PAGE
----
The Common 401(k) Mistake That Could Cost You A Fortune

According to the U.S. Census Bureau, 34.6% of working Americans participated in an employer-sponsored, defined-contribution plan — or 401(k)-style plan — in 2020. Among U.S. workers, aged 16 to 64, this type of retirement account was the most common. With this said, many with 401(k) plans aren't maximizing their contributions by taking advantage of employer matching — a common 401(k) mistake that could end up costing you a fortune, especially when you factor in compound interest. By not contributing up to an employer match, you're essentially forgoing free money.

Per CNBC's Your Money Survey, 57% of the 2,700 part- and full-time workers surveyed said they contribute to a 401(k) (or company-based savings plan). Of these respondents, however, less than a quarter (24%) said they saved as much as their employer matched, while 8% said their contribution was simply what the automatic default amount was — which could be lower than what an employer might match, for example, 3% versus 6%. Given how common a financial mistake this is when it comes to 401(k) plans, it's a good idea to check yours to ensure you're getting the most out of this benefit.

How a 401(k) match works

Fidelity, the largest service provider of 401(k) plans in the nation, says more than 85% of its plans offer employer contributions. How much employers contribute varies by company, but per Fidelity's data, the average is 4.8% of an employee's salary; this said, a common formula companies use is 50 cents for every dollar, up to 6% of a person's salary, which comes to 3%. Some companies may mix full matching (100%) with partial matching (50%), too; e.g., matching dollar-for-dollar for the first 2% and then 50 cents for every dollar thereafter up until 5% or 6%.

Another element of the employer match is vesting; it's not unusual for it to take three to five years before an employee gains full ownership of an employer contribution, per CNN Money. However it's calculated, though, or what percentage it might be, an employer match is free money, which is why it's a mistake (a common one) not to take full advantage of it while you can. To do so, you simply need to contribute enough to your 401(k).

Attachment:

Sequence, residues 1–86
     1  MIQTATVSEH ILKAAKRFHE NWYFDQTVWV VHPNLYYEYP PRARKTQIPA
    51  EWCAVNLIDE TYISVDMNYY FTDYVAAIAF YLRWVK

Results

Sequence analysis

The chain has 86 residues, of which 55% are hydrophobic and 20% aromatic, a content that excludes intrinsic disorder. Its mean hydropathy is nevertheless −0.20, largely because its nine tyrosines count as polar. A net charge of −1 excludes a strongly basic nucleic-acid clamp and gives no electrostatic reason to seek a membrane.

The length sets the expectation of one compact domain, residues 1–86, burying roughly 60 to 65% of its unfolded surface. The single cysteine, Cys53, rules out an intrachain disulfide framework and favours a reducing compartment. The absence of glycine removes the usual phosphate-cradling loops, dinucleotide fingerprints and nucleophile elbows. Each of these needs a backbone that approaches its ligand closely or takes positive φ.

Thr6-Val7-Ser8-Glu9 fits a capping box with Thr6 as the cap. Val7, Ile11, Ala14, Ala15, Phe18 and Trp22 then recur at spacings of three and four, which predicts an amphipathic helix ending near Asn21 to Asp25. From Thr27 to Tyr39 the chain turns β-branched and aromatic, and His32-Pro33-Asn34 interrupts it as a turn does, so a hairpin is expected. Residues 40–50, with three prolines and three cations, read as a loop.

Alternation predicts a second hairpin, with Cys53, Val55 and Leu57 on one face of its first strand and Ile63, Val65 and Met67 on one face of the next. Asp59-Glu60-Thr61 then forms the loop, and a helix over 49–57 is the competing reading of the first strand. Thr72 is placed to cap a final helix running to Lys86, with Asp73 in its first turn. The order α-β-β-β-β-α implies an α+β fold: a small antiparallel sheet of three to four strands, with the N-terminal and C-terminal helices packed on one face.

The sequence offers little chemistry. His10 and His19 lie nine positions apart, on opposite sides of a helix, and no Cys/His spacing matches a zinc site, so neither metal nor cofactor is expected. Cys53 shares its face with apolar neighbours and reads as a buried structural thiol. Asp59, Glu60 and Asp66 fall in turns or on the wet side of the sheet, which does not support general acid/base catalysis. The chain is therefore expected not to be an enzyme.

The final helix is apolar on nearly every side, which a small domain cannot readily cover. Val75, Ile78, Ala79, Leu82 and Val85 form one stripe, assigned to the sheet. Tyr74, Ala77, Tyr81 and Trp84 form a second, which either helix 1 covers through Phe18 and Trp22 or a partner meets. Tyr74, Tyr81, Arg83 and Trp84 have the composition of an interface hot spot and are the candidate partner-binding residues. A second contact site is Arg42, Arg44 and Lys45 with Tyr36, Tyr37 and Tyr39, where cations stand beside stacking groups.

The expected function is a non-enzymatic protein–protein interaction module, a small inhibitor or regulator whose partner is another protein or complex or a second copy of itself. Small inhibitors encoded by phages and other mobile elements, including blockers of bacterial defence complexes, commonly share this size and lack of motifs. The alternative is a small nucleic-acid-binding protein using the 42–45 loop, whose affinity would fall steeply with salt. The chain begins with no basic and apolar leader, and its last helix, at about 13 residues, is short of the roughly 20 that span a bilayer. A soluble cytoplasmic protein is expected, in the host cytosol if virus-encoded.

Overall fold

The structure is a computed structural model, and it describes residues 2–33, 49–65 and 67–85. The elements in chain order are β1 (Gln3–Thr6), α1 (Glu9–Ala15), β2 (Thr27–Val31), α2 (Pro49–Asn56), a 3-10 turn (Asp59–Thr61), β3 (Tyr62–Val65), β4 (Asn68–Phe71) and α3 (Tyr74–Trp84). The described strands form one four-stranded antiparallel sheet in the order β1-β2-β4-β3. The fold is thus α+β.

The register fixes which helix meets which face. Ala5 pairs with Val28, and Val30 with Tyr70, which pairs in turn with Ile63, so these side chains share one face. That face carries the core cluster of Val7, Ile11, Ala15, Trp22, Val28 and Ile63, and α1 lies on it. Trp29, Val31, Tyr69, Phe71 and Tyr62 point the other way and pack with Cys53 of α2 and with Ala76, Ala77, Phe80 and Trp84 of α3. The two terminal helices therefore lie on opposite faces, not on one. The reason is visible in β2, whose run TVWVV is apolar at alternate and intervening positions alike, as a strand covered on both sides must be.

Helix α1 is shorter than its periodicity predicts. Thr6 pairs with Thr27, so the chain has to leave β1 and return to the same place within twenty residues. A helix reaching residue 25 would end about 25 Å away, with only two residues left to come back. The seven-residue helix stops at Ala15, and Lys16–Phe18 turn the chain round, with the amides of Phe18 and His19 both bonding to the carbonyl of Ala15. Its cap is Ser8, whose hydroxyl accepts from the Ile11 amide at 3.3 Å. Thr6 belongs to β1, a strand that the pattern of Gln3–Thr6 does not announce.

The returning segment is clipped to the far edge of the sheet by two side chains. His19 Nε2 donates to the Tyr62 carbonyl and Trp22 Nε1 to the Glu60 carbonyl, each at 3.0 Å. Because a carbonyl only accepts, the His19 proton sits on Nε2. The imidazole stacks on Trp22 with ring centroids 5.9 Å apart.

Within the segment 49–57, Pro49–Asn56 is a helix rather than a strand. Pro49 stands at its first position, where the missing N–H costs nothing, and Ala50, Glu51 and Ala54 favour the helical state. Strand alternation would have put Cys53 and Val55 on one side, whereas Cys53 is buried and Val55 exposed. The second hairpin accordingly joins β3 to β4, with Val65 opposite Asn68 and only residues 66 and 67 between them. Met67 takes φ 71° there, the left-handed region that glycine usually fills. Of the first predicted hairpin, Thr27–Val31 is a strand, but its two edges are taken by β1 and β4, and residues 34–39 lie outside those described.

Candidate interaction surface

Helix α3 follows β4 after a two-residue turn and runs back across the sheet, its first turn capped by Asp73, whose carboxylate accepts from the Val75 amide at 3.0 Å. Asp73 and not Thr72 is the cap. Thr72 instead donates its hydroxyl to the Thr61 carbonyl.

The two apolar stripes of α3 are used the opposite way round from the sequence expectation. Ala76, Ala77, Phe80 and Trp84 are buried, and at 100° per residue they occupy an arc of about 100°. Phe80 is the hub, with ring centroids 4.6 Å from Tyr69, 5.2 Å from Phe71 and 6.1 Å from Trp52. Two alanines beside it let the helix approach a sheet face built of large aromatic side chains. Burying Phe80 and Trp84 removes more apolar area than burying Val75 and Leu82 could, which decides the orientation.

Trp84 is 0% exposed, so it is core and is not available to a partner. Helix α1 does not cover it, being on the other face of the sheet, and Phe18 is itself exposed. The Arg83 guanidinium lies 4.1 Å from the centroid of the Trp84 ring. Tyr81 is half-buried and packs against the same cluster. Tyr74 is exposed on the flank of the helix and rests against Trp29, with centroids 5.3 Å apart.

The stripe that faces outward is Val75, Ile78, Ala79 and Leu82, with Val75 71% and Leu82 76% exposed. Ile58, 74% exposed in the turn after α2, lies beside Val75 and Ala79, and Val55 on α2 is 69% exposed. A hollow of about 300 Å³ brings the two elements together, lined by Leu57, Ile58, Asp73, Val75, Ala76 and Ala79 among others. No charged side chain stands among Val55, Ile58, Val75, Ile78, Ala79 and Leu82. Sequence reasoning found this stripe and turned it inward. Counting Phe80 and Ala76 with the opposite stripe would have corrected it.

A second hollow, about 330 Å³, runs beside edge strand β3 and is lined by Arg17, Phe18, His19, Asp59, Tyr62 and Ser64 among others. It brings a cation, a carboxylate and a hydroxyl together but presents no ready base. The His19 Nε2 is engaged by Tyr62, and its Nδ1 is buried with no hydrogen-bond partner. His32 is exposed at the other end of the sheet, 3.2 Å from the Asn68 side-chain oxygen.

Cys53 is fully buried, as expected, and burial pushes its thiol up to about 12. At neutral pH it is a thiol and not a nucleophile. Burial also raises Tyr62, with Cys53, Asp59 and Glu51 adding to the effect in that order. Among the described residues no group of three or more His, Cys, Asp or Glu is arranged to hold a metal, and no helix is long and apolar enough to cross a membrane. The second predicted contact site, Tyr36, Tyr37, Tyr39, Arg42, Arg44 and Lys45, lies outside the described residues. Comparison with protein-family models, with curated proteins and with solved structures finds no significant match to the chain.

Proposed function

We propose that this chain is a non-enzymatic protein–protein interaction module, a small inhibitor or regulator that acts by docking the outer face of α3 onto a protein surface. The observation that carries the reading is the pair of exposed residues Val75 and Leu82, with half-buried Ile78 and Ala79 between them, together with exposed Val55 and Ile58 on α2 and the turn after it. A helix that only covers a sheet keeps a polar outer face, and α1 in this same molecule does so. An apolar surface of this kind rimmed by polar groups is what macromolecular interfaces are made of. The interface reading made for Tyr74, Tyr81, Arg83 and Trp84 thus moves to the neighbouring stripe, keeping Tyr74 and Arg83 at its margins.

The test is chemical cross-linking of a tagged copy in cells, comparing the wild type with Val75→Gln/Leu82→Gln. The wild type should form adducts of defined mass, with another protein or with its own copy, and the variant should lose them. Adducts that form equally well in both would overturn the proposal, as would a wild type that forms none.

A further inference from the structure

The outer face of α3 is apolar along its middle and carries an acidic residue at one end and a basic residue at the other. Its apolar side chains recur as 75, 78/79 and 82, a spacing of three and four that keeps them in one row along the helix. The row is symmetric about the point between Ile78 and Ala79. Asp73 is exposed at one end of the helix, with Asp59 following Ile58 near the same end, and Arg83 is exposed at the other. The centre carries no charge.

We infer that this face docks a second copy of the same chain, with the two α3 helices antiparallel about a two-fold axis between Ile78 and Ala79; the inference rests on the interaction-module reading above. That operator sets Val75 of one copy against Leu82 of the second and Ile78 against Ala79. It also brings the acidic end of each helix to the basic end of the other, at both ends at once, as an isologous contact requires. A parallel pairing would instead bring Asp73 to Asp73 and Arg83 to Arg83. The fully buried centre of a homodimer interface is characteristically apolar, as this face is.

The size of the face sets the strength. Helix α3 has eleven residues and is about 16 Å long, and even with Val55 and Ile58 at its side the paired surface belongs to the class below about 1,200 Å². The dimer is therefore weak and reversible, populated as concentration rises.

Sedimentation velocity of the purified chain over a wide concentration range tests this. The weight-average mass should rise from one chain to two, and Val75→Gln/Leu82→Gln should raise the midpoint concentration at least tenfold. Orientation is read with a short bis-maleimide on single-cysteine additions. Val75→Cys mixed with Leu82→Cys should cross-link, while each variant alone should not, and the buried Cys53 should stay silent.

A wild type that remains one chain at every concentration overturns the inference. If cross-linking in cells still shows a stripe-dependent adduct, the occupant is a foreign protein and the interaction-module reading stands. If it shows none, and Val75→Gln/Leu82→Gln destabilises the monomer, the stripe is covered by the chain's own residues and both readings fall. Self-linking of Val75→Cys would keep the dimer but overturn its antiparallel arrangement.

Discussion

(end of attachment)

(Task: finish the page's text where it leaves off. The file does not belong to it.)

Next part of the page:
Consider, if a person's salary is $80,000, 6% is $4,800. The employer matches dollar-for-dollar on every dollar up to 2%, then 50 cents for every dollar after until 6%. For $80,000, that would come to $3,200 of free money. Combined with the employee's contribution of $4,800, that's $8,000, or 33% more than would have been in the 401(k) without the employer match.

Correcting this common 401(k) mistake

Speaking to Forbes, Jean Young, a senior research associate with Vanguard Investment Strategy Group, said of maximizing 401(k) plans through company matches, "Taking into account the power of compounding and a 6% annual rate of return, contributing enough to receive the full employer match could possibly be the difference between retiring at 60 versus 65."

Of course, everyone's financial situation is different, and so contributing what you can to a 401(k) will always be the best start. However, if you are in a position to start contributing up to an employer match, avoid the common mistake of not doing so, as this could cost you significantly, as discussed. One related mistake people often make, too, is not adjusting their contributions as they earn more.

Even if you miss out on past employer matches, starting right now is a great way to get back on track. What you don't want to do is compound the mistake by not contributing more and getting the match going forward. Also, you can put away more money the older you are. Starting in 2024, a person can save $23,000 per year in salary deferrals (up from $22,500 previously). However, for anyone older than 50, they can add $7,500 more in catch-up contributions for a total of $30,500.